Lifestyle

@Large | Michael Andor Brodeur

Online, empathy adapts to survive

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Is empathy dead? I ask because it seems like the thing to do.

“Is the internet killing empathy?” asks a headline on CNN – in a story that wonders if we’ve “become a society of detached voyeurs.”

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“The End of Empathy?” gasps a Psychology Today piece, responding to the far more certain-seeming Fox News piece from Keith Ablow: “The End of Empathy.” (“I have been sounding the alarm about this psychological epidemic for a long time,” he brags.)

Elsewhere, the Times wants to know “Is Declining Empathy the Internet’s Fault?”; the Huffington Post notes that “Non-Human Animals Show Empathy. What Happened to Ours?”; and Scientific American posits the question: “What, Me Care?”

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These are just a few. And while Betteridge’s Law assures us that in the vast majority of cases, headlines framed as questions reliably warrant a response of “no,” this worry over empathy’s dwindling health under the care of technology has been with us at least 10 years now, lining up neatly with the rise of the most commonly cited culprit: social media. (Though others just blame Tylenol.)

Maybe there’s something to it. Social media certainly has a way of nudging us toward narcissism [snaps selfie, caption: “Me making a point.”], which is never a good starting point for compassion. Day by day, it also desensitizes us, as images of violence (from #fail videos to footage of police brutality to YouTube posts from distant war zones) scroll in and out of our consciousness. Nor does it help that our lives online are algorithmically refined to reinforce our existing social and ideological bubbles, so there’s seldom any need (or desire) to click beyond our desires.

And then there’s the actual physical isolation of the Internet. Studies have suggested a close relationship between our ability to empathize with others and nonverbal cues like facial expressions and body language — which the Internet subtracts altogether. Many point to this absence as the source of our increasing and increasingly callous disregard for each other.

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If you need proof that it’s a problem, watch as technology tries its hardest to fix it: Already, facial recognition and AI are equipping our devices to be more responsive to emotional cues (essentially emulating empathy), and the widening world virtual reality is being touted as our best chance at a modern-day “empathy engine,” in part by restoring presence to discourse.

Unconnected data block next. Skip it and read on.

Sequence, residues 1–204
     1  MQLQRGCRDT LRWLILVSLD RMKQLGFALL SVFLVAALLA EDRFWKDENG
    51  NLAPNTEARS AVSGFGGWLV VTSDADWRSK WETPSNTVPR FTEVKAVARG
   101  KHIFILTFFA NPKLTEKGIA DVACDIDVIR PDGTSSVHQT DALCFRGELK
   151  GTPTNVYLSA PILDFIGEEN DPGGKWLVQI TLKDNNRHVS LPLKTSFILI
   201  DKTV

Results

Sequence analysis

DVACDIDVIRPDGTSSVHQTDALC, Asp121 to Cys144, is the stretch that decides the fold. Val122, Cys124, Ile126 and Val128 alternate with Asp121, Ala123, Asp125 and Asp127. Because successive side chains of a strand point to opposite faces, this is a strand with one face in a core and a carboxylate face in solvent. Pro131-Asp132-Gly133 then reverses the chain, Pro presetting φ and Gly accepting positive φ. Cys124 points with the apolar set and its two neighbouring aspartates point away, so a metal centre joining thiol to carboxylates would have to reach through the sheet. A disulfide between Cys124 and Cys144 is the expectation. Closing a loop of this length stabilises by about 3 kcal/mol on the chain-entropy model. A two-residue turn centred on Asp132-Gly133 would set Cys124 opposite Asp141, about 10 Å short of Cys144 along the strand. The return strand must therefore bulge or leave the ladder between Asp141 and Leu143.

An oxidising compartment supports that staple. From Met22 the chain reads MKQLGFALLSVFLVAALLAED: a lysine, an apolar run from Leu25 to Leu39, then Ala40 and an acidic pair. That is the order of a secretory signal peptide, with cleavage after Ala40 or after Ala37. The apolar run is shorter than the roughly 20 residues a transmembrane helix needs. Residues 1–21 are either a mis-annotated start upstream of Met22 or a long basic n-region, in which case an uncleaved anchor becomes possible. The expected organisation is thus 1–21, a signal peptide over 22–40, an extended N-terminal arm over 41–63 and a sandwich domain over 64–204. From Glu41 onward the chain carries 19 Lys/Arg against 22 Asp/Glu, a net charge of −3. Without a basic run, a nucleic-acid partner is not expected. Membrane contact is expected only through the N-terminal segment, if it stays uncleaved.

Is our empathy deficit really so grim? In an election season like this one, characterized by such extreme polarization and coarseness, it’s tempting to accept as fact the notion that empathy is dead and gone — and that online, it’s every man, woman, and troll for themselves.

But it’s just as easy to find evidence that our instinct to identify with each other is alive and well — it’s just taken more subtle forms.

There are those tiny little ways we empathize dozens of times a day: Any time we tap to “like” or “love” or post a frowny face or otherwise simpatico emoji, we are processing a kind of nanocompassion — a nonverbal nod, a virtual hand on the shoulder. Similarly, the lexicon of online chat has developed new ways of signaling solidarity — if you’ve ever seen “same” (or “sames”) as a one-word response, or an all caps instance of “THIS^” used to prop a previous point, you’ve observed a microexpression of empathy. Add to this list the retweet, the share, the follow.

In a more (literal) macro sense, certain memes have also become a vehicle for exercising empathy. Take “Me AF” (which translates to “me as [expletive]” — which itself translates, roughly, to “this, right here, is me.” “Me AF” is often appended as a caption to images, GIFs, video clips, screenshots of text message exchanges, or other bits of media that somehow poetically capture the spirit, mood, or condition of the poster.

There’s also “tfw” — short for “that feel/feeling when.” Originating as a plaintive expression of loneliness on message boards (“>twf no gf,” or “that feeling I get when I have no girlfriend”), “twf” graduated into its own category of meme, presenting highly specificemotionalstates with the presumption it will find some measure of universiality.

Granted, cultivating real connections with others goes beyond identifying with a sad-looking French bulldog on a Monday morning; and given what it has given us, the memescape can hardly be considered fertile ground for compassion.

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But I do find some glimmers of hope in these small, seemingly insignificant gestures. A silly tweet can tell us that we are not isolated by our anxieties; an unflattering pic of Ted Cruz can bring us together for an unflattering group portrait. Yes, the Internet has made narcissists out of us, but it also gives us plenty of ways to see past our own reflections.

Michael Andor Brodeur can be reached at mbrodeur@globe.com. Follow him on Twitter @MBrodeur.
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